Almost directly opposite the former Lady Chapel hidden within Ripon Cathedral (now the north transept) are a series of tombs marred by time and reformation. One of two former chantry chapels of the Markenfield family, one was founded in 1345 by Andrew de Merkyngfeld (d.1365) and dedicated to his namesake saint. Among the surviving limestone memorials is also a table tomb to Sir Thomas Markenfield I, featuring an alabaster effigy of Sir Thomas, and wife Dionisia, who died in 1398. He is wearing a unique livery collar, or cloak strap, that reflects his service to Richard II (some say Henry Bolingbroke), depicting a stag at rest within park palings. Some proffer this is an artistic pun or rebus on his surname ‘Mark in Field’—a mark being the quarry in a hunt. Another Thomas Markenfield lays close by alongside his wife Eleanor Conyers, daughter of Sir John Conyers of nearby Hornby Castle. Both monuments represent the Markenfield’s elite knightly status.
The home of this household, Markenfield Hall, lies three miles from Ripon Cathedral and is considered among the best-preserved of the nation’s medieval moated manors. Constructed first in the early 13th century, it was turned into the palatial hall we see today about a century later by Canon John de Markenfield (a former clerk to Edward I) after Edward II granted him a licence to crenellate in 1310–likely a perk for being appointed that same year to Chancellor of the Exchequer.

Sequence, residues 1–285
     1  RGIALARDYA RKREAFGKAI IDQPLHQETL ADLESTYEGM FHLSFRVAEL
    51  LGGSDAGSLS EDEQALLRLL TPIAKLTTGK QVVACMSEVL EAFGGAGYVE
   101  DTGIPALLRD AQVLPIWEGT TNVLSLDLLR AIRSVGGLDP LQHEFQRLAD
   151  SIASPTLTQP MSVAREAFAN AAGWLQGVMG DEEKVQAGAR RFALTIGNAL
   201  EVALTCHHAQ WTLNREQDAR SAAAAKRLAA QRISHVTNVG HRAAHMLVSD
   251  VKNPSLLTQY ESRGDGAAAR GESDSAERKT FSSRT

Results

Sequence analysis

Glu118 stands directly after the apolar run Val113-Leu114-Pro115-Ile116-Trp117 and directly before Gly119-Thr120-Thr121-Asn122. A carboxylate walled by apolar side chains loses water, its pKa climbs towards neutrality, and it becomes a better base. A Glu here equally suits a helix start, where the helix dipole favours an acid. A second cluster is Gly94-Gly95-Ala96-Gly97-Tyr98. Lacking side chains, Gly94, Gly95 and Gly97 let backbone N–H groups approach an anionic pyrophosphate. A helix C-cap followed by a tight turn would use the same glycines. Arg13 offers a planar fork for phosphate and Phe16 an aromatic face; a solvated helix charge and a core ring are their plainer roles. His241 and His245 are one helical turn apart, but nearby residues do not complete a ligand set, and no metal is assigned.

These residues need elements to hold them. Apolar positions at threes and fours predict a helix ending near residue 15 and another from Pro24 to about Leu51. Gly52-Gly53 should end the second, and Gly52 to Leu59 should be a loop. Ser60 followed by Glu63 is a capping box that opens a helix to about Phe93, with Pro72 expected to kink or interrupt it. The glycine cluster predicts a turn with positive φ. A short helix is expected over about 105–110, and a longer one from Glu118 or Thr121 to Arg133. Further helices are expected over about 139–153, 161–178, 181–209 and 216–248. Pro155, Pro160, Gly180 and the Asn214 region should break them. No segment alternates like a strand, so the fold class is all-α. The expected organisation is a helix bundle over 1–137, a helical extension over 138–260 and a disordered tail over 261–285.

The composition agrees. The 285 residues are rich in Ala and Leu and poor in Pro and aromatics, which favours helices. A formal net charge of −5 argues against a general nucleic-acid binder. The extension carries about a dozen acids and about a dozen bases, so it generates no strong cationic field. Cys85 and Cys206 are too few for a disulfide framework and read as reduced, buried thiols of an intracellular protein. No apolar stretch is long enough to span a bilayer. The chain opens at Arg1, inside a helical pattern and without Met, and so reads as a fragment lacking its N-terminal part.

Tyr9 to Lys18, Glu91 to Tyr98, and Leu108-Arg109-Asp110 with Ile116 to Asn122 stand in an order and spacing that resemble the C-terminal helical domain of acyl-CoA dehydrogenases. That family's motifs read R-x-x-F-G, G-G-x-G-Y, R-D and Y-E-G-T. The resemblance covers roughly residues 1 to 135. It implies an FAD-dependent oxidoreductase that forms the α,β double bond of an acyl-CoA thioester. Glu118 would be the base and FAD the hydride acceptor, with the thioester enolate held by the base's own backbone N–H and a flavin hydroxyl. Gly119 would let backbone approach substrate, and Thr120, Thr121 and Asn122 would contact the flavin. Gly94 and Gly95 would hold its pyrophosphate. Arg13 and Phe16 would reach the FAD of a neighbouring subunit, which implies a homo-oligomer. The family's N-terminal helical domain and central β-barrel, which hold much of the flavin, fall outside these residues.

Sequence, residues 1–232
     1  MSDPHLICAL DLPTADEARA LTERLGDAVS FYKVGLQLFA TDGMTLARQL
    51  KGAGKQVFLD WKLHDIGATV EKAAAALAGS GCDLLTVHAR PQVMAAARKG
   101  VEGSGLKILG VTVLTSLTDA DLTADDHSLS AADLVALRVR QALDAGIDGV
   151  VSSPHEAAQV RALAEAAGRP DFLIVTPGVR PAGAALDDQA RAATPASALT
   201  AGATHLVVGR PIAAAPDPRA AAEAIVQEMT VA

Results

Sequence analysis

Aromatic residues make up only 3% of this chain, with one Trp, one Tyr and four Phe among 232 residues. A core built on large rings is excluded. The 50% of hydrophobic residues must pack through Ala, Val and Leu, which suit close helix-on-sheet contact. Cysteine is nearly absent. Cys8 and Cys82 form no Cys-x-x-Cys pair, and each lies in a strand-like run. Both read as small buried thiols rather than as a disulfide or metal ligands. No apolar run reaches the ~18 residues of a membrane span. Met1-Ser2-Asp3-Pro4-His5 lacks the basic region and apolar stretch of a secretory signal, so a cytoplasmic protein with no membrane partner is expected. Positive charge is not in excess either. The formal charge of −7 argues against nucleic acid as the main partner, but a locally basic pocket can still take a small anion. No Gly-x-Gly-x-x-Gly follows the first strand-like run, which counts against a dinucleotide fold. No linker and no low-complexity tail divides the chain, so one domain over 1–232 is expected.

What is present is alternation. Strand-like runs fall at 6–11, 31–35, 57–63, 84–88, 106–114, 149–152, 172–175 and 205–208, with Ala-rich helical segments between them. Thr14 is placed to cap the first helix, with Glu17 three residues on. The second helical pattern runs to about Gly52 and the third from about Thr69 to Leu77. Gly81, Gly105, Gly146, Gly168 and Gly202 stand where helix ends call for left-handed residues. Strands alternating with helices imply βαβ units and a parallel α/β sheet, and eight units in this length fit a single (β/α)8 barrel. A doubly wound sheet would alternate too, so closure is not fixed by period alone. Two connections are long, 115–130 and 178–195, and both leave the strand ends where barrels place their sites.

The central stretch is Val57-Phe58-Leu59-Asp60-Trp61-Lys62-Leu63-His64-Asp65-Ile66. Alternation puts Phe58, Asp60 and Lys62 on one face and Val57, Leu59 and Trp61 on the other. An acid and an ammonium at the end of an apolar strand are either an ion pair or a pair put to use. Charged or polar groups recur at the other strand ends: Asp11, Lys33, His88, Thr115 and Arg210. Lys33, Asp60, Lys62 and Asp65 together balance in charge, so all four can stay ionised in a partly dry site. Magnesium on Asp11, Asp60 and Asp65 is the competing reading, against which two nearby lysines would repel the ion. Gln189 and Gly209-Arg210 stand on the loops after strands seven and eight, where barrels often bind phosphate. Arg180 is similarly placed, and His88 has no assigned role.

Inside Markenfield Hall are several architectural gems, and perhaps the most notable of all is the surviving family chapel, accessed just off the great hall. Dedicated to Saint Michael the Archangel and completed in 1310, services were held by a resident priest who also led masses at the chantry over at the cathedral. The chapel features an unusual carved ogee double piscina (the arrangement allowed the water of the eucharistic vessels to be kept separate from the water in which the priest washed his hands before conducting the Mass) decorated with the family’s coat of arms and even a squint or hagioscope pierced into the wall to allow Canon Markenfield to view the liturgy while remaining seated before the fireplace in his private chambers.
Check opening times before visiting Markenfield Hall, also open by appointment.